Dr Erickson accurately classifies this paper as '[COLOR=green]Controversial[/COLOR]' and an 'Interesting Hypothesis'. Thankfully, we are likely far away from pardoning unlawful activity with the excuse that criminals are merely an impartial consequence of their genes and environmental history. However, this truly is a fascinating paper that could add a whole new dimension to the murky field of free will within the judicial system.[FONT=Fixedsys]>>[/FONT]

[COLOR=green]The article can be found [/COLOR][URL=""][COLOR=green]here[/COLOR][/URL][COLOR=green].[/COLOR]

wblipp 2010-06-16 20:52

Why would anyone bother to read the article? If the article is correct, then my response to it is predetermined.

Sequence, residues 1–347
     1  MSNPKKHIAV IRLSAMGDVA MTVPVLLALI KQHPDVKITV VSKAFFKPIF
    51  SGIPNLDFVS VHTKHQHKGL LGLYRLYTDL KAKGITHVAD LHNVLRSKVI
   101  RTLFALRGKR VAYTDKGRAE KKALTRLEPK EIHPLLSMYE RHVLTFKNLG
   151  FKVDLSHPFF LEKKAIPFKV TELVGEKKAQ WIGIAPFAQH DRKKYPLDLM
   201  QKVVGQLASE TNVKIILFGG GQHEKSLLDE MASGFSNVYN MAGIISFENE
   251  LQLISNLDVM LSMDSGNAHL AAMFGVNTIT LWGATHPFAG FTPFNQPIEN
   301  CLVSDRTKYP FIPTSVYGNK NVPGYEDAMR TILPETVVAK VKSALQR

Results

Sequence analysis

Oh wait - the decision to READ the article must also be predetermined. I guess I'm predetermined to think this is pointless nonsense.

ewmayer 2010-06-16 22:11

I started chuckling - not of my own free will, mind you - when I saw the word "stochasticism" ... shades of Jeff Goldblum's character in [i]Jurassic Park[/i] impressing all the babes with his way-kewl leather jacket and hint-dropping mention of his exciting career as a "chaotician".

It's true, our behavior may be no more unpredictable than, say, weather - if you know the exact state of the universe at some given time and have an infinitely powerful computer and ignore little nuisancy details like quantum uncertainty, then sure, you can run the perfectly-simulated model universe forward any amount of time and thus predict with perfect accuracy. Of course, none of those conditions will ever apply in the real universe, so this scenario must forever remain a [i]Gedankenexperiment[/i].